On other days, the dryness of the land would reach out to the body’s interior and cause the parched tongue to hang up mouth’s roof. Until water came, whether it was by the oasis, or the precious scatterings of rain. And the rains were only an occasional phenomenon, even in the middle of the year.
The air was arid on that day too, when Amal set out with his donkey for Bayt Ansar, that far-flung town which seemed to have much more of everything than Maqaas ever possessed. It was one of those things which had bothered him into getting unto desert roads. The drought was particularly bad this year; only the oldest of Maqaas’ men could recall anything like it. The trail of the traveler’s route was decorated by numerous carcasses, obscene and haunting as could be. The beasts of burden had many times failed to bear thirst much more. They had fallen, along with many other lesser creatures.
The march of death was now upon the gates of man himself.
Sandstorms cut short Amal’s advance many times. The scourge of the heat was perennial and ubiquitous; and the waves of dryness was trouble to skin and soul. It seared, it depressed, it weakened. Though there were stopovers at makeshift shelters and little lonely villages, those nights were by no means comfortable. The rest was intermingled with thoughts of coming sights of monotony, of emptiness, and of hopeless horizons seemingly without end.
On this night, Amal stopped over at a tiny village. He had been on his quest for three days, had conquered more than half the swath of territory he needed to overcome to get to that priced reward. But he was feeling tired and even a little sick. There was little to fall back on, except an ancient bed in a poorly lit room graciously offered him by an old friend who lived there. His frame was ragged, his face lined with the many signs of many worries, all connected to the quest, and to home.
He was beginning to think about retreat.
The harshness of Maqaas had not been in the weather alone. It was everywhere, and in everything. The ringing calls from the top of domed constructs, their minarets shining, announcing along with loudspeakers that this land was Lorded over by compulsion. The passion, the fierceness in the voice of he who roared to the faithful, who looked in the corners to see that the law was kept, not broken. The chants of children narrating the tale of enforced devotion, in the nearest shade, instructed by a whip-wielding master many times older than their mothers. And mothers in silent space, behind the black veil, seeing the world via distorted vision. The threat of death, which the violent zealots roaming the streets were all too willing to execute. The blood of the disobedient was that which quenched the thirst of the earth.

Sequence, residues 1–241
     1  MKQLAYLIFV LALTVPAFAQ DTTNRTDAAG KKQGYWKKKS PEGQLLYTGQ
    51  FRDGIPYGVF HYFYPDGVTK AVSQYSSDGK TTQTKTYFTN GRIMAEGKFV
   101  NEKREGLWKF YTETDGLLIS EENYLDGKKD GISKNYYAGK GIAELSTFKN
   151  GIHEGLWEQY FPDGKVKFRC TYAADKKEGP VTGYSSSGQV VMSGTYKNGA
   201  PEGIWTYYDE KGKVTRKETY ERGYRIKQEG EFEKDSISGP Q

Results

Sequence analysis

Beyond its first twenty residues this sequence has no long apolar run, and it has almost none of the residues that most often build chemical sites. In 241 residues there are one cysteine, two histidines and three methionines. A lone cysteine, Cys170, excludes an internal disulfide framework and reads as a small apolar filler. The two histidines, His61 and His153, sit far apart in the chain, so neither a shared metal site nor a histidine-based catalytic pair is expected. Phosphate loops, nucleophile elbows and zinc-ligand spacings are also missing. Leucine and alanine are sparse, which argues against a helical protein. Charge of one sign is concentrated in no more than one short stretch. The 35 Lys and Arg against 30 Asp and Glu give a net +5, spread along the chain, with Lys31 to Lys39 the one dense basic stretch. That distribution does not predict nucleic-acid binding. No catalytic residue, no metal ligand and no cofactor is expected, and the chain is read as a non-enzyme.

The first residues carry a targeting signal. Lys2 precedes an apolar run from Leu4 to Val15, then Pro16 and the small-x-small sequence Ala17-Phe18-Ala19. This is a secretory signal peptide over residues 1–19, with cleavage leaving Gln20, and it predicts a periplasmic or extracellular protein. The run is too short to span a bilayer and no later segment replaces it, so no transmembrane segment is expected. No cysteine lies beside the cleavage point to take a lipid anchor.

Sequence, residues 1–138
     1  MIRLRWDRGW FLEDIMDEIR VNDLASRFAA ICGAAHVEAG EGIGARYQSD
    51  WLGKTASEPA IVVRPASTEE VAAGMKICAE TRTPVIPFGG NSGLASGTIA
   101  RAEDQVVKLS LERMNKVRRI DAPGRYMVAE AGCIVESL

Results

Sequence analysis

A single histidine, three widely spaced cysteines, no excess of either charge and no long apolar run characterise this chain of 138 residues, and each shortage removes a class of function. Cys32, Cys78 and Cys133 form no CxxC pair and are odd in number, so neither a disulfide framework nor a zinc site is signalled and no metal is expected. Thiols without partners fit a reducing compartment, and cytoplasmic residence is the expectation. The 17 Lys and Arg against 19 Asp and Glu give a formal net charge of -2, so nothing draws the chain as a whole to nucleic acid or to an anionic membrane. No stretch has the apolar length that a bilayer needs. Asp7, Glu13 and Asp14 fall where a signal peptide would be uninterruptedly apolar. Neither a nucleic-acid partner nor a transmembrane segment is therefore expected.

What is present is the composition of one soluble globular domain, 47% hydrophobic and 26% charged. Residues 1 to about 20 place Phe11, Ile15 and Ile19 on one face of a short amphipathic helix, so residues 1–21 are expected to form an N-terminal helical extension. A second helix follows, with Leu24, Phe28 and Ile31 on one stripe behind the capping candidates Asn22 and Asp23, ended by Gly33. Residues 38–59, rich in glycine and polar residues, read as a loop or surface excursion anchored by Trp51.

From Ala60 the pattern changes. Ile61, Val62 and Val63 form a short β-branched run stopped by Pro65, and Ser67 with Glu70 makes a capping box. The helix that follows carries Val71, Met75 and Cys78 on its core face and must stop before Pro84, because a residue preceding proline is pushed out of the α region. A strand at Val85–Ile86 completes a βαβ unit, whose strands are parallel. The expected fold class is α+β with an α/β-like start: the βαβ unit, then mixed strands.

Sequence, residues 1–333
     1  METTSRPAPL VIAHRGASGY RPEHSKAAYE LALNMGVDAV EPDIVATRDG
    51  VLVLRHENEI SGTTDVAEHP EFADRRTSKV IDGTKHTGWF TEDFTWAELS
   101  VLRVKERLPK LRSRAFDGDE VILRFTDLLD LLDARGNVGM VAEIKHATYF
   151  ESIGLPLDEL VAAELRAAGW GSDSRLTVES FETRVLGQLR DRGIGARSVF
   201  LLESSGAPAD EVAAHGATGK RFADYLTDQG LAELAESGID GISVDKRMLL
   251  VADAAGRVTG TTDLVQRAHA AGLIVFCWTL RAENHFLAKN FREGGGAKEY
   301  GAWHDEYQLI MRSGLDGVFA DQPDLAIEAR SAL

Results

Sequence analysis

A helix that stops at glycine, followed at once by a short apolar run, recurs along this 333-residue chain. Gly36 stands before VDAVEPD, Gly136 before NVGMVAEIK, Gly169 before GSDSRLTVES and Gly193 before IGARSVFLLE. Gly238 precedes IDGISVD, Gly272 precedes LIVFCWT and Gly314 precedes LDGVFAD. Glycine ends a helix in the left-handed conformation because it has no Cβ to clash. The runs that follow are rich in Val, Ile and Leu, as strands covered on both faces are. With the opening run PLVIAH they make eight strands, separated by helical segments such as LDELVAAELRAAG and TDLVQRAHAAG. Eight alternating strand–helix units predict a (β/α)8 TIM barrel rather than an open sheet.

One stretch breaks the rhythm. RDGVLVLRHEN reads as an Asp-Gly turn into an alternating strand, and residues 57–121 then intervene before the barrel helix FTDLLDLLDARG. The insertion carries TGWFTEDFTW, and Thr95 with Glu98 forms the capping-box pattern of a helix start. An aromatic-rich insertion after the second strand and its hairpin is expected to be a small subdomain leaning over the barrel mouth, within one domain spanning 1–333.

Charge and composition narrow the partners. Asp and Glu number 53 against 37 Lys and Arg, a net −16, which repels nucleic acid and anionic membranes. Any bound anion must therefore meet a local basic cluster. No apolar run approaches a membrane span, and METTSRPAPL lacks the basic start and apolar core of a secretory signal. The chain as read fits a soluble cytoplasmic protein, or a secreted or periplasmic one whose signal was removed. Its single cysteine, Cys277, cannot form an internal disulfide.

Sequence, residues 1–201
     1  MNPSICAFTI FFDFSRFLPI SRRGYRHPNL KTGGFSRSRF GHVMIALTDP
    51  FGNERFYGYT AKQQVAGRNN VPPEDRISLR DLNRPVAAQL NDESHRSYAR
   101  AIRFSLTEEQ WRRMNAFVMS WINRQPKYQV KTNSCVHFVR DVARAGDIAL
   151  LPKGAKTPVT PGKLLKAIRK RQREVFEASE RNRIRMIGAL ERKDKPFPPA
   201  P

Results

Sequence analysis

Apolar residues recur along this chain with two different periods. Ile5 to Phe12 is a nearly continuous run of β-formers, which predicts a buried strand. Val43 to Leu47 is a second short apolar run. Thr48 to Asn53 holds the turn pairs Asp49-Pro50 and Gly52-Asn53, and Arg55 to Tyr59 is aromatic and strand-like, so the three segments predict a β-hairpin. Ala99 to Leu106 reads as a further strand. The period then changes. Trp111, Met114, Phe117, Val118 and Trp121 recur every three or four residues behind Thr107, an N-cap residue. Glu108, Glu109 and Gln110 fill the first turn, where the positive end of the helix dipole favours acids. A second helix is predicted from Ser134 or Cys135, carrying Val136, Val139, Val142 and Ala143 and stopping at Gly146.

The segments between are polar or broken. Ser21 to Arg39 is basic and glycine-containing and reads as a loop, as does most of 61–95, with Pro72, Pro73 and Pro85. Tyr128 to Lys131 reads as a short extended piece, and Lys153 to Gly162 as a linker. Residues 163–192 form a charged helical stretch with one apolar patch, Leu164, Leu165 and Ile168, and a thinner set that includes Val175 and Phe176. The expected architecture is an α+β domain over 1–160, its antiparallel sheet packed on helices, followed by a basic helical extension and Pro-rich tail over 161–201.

Thirst. Maqaas had so much ‘piousness’, but left much to desire. It held people bound, it promised to make them straight. But stiffness to mercy and a firing up of vain passions was the end result. For there were hidden parlours and corners of open secret in which the very men who appeared saintly by day would seek to quench their thirst by night.
Amal shook his head. The way back was long, and the way forward was a hard thing. But he was also dying of thirst. He was dying to live. He could go back to Maqaas, where he could live the schizoid life and get sunk by the misery and guilt of personal contradiction; or he could move forward and somehow get to Bayt Ansar, where the faithful were also free, and where thirst was unheard of. He retired for the night, overwhelmed by the great confusion.
But by morning, Amal had made up his mind. It had drizzled a bit while he was asleep, and the weather now was a bit clement.
“If this is what its like being this close to Bayt Ansar, I wonder what it’ll be like over there”.
He went into the open with his friend, thanked him for his hospitality, and bade him goodbye. Then he rode into the distance, more determined than he had been before.

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